Overstock.com's history of GAAP violations

In February 2006, Overstock.com restated financial reports dating from Q1 2002 to Q3 2005 to correct its improper inventory accounting.

In February 2008, the SEC Division of Corporation Finance discovered that Overstock.com's revenue accounting violated GAAP from the company's inception to Q3 2007 (Details here).

In October 2008, Overstock.com restated its financial reports from Q1 2003 to Q2 2008 due to customer refund and credit errors. However, the October 2008 restatement did not include corrections arising from underbilled offsetting costs and reimbursements that were already earned from its fulfillment partners during those same corresponding periods, less a reasonable estimate of uncollectable amounts.

In other words, Overstock.com should have gone back and corrected or restated its financial reports to properly reflect income it already earned from offsetting costs and reimbursements due from its fulfillment partners, less a reasonable estimate for uncollectable amounts. Instead Overstock.com violated GAAP by improperly moving income that the company already earned in Q2 2008 and prior reporting periods to Q4 2008 and future reporting periods. In effect, Overstock.com improperly created a "cookie jar reserve" to materially inflate future earnings or reduce future losses (Details here).

In February 2009, I alerted both the Securities and Exchange Commission and Overstock.com's audit committee and management about the company’s improper use of a "cookie jar" reserve to inflate its financial performance in future reporting periods. Overstock.com continued to stubbornly refuse to restate its financial reports to comply with GAAP.

In September 2009, the SEC Enforcement Division and later the Division of Corporation Finance started parallel probes of the company.

In October 2009, the SEC Division of Corporation Finance discovered that Overstock.com overpaid a fulfillment partner $785,000 during 2008. The company recovered that overpayment in Q1 2009 and improperly reported the overpayment recovery as income in that same quarter, rather than properly restate its 2008 financial reports to correct that error. In addition, Overstock.com improperly concealed the recovery of the overpayment by including that amount in recoveries from underbilled fulfillment partners in Q1 2009 instead of separately disclosing the overpayment recovery in its financial reports (Details here).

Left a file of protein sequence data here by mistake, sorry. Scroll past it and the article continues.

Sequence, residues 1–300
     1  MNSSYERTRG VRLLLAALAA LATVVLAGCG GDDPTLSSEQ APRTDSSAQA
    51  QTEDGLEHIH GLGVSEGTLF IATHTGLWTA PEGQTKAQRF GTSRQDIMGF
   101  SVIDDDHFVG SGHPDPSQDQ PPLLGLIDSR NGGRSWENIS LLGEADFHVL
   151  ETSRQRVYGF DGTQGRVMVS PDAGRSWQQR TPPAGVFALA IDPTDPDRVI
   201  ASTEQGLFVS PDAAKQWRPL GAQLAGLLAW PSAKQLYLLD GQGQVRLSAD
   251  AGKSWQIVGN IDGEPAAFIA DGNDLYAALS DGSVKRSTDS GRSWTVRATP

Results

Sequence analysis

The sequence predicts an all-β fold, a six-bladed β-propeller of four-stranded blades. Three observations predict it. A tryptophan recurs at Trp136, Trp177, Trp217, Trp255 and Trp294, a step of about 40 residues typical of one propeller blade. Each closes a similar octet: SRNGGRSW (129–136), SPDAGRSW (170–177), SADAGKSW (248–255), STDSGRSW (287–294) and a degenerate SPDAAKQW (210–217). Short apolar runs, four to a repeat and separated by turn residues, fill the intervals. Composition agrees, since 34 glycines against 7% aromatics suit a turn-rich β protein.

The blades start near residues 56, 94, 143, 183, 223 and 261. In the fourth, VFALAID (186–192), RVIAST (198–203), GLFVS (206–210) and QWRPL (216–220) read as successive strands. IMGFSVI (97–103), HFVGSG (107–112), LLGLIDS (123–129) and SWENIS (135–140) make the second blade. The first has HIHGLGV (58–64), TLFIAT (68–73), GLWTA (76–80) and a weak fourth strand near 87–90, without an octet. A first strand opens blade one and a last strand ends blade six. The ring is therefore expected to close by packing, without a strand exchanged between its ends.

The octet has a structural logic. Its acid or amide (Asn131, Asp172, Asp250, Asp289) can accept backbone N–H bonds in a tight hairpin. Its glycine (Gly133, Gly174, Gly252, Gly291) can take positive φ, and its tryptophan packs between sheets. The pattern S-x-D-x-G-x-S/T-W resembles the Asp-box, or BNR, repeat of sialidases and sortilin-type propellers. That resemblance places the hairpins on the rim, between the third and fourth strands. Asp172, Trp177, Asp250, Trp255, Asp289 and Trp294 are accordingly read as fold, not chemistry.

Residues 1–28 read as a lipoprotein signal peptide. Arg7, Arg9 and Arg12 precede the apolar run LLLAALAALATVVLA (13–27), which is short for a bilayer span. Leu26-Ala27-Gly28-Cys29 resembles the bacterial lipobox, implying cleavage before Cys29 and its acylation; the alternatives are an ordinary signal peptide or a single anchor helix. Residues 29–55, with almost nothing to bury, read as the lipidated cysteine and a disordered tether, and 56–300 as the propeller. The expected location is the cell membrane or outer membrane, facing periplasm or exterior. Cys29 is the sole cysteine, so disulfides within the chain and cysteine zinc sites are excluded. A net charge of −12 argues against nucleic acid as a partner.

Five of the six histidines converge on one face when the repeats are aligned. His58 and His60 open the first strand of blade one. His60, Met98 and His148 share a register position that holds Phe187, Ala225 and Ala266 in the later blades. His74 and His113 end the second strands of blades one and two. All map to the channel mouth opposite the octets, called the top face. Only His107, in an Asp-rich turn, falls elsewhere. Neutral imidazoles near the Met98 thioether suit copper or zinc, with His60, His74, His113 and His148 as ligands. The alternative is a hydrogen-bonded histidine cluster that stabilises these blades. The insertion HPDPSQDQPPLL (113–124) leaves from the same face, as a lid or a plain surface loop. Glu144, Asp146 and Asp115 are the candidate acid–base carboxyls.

Grant Thornton claimed that it did not know about the 2008 overpayment and Q1 2009 recovery from the fulfillment partner until October 2009. After learning about the overpayment, Grant Thornton told Overstock.com that it must restate its prior financial reports to correct that error and comply with GAAP. On November 13, 2009, Overstock.com fired Grant Thornton, rather than restate its financial reports and later filed an "unreviewed" Q3 2009 10-Q that finally disclosed the overpayment to the fulfillment partner. (See details here).

SAS No. 99 clearly states:

The cornerstone of an effective antifraud environment is a culture with a strong value system founded on integrity.

As I detailed from the relatively brief summary above, there are significant management integrity problems at Overstock.com and its management has displayed a willingness to lie to investors and issue financial reports that violate both GAAP and SEC disclosure rules. If you decide to maintain Overstock.com as your client, proceed at your own risk.

Regards,

Sam E. Antar

Disclosure:

I am a convicted felon and a former CPA. As the criminal CFO of Crazy Eddie, I helped Eddie Antar and other members of his family mastermind one of the largest securities frauds uncovered during the 1980's. I committed my crimes, simply because I could.

If it weren't for the efforts of the FBI, SEC, Postal Inspector's Office, US Attorney's Office, and class action plaintiff's lawyers who investigated, prosecuted, and sued me, I would still be the criminal CFO of Crazy Eddie today.

I do not own Overstock.com securities short or long. My research on Overstock.com and in particular its lying CEO Patrick Byrne is a freebie for securities regulators and the public in order to help me get into heaven, though I doubt that I will ever get there anyway. I will probably end up joining corporate miscreants such as Patrick Byrne in hell. In any case, exposing corporate crooks is a lot of fun for a forcibly "retired" crook like me and analyzing Overstock.com's financial reporting is a forensic accountant's wet dream.

KPMG has sponsored at least two of my free speaking engagements to universities and colleges.